So far, the Hollywood remake machine has begun to reboot (technically speaking, continue) the Vacation movie franchise, but has otherwise stayed away from any other films written and/or directed by the late John Hughes back in the 1980s. That changes today, with the announcement that Universal Pictures and producer Joel Silver are remaking the cult comedy Weird Science for a new generation.
Hughes wrote and directed the original film (which featured Silver as a producer) and it reached theaters seven months after Hughes released The Breakfast Club in February of 1985. The off-beat coming of age story/fantasy revolves around two nerdy teens (Anthony Michael Hall and Ilan Mitchell-Smith) who use their computer - and the power of SCIENCE! - to generate the perfect woman (Kelly LeBrock).
Deadline, which has the exclusive on this story, says that Universal has entrusted Michael Bacall with the responsibility of scripting the remake, which is going to be "an edgier R-rated comedy in line with 21 Jump Street and The Hangover." For those who don't recognize the name: Bacall wrote the story and script for Project X, in addition to co-writing the scripts for Scott Pilgrim vs. the World, 21 Jump Street and next year's 21 Jump Street sequel.
Needless to say, an "edgier R-rated" spin on Weird Science falls within Bacall's jurisdiction; though, I can guarantee there's one thing the remake won't have that the original offered - this '80s-tastic Oingo Boingo music video!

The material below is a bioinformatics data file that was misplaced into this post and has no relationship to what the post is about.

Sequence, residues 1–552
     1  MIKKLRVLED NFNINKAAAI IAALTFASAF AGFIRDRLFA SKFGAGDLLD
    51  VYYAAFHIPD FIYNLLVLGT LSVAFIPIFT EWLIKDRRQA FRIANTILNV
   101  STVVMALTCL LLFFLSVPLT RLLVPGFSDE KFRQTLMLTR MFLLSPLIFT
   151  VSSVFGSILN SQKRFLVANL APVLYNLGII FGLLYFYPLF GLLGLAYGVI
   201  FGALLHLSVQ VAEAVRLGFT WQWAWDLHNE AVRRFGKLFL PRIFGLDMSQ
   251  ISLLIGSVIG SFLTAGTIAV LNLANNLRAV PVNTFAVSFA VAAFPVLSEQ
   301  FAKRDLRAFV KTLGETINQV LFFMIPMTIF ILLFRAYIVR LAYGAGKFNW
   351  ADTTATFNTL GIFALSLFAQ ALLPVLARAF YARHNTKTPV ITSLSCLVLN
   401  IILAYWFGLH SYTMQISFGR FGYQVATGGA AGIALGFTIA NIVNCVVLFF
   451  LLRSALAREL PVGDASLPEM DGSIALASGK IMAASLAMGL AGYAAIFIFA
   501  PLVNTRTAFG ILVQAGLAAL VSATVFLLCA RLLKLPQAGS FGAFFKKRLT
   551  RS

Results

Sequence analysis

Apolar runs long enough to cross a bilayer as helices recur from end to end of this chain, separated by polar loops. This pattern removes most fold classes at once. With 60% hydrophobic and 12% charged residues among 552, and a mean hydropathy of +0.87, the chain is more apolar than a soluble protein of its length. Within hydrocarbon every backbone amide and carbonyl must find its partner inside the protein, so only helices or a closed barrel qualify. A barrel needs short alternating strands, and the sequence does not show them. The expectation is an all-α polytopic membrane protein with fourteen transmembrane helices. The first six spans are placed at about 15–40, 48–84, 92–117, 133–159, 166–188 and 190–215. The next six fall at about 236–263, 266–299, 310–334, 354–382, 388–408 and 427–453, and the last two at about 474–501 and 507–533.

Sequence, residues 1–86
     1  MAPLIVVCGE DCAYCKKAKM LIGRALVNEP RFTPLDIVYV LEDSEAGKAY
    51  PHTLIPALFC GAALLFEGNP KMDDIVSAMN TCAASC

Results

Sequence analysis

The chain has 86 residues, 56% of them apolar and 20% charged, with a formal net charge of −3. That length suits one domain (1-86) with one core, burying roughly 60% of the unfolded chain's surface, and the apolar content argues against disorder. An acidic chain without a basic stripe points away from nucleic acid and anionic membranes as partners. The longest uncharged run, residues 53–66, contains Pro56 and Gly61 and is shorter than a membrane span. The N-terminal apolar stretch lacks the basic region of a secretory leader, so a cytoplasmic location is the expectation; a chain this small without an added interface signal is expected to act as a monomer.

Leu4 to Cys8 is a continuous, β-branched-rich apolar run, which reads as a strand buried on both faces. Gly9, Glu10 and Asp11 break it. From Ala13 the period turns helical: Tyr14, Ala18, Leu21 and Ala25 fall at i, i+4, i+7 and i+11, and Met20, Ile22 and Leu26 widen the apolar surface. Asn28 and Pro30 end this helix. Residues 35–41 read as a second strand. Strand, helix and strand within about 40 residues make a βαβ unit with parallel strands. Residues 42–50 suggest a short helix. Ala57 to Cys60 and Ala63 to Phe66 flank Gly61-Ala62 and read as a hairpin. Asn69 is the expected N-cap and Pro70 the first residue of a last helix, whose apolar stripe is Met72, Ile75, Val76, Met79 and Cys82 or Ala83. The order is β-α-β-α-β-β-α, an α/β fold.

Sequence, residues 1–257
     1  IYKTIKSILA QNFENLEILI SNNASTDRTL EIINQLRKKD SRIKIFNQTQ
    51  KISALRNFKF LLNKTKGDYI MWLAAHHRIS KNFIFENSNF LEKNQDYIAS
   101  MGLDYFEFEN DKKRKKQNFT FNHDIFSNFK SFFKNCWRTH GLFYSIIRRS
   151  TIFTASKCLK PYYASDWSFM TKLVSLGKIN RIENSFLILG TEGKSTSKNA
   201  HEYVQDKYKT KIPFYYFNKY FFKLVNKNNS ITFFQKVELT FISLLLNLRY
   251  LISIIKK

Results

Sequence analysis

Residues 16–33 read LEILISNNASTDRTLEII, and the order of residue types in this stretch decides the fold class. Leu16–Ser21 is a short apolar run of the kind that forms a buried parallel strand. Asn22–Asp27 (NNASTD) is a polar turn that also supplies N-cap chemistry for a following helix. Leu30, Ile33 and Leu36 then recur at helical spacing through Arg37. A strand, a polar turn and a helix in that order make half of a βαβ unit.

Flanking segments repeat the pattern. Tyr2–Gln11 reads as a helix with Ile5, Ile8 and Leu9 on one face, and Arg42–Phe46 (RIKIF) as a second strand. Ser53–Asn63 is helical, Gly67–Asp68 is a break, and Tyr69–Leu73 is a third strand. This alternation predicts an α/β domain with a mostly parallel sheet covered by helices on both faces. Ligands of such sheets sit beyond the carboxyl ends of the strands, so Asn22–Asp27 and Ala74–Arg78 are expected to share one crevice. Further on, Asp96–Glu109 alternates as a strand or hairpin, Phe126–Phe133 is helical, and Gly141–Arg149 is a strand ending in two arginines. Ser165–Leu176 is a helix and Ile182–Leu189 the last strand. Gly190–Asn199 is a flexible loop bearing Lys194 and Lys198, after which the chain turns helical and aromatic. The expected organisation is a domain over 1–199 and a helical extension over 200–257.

Jokes aside, though, I get that Hughes' original Weird Science movie is pretty dated nowadays - between the old-school computer graphics, LeBrock's wild '80s hairdo and a baby-faced Robert Downey Jr. hamming it up as a high school bully - and it teaches life lessons that remain as important as ever for young people, who are the target audience for this 21st-century makeover edition (much like The Karate Kid or the gestating WarGames remake).
That said, Hughes (during his '80s heyday, anyway) was a master filmmaker in the art of combining broad comedy with earnest drama and sympathy for the plight of adolescents. Bacall's helped give Scott Pilgrim and 21 Jump Street a healthy mix of humor and heart, but with only Project X (read Screen Rant's review) to recommend him as a solo writer in this genre, well... I need to know who's directing this thing, before I can throw my support behind it.
How do you feel about Weird Science getting a remake?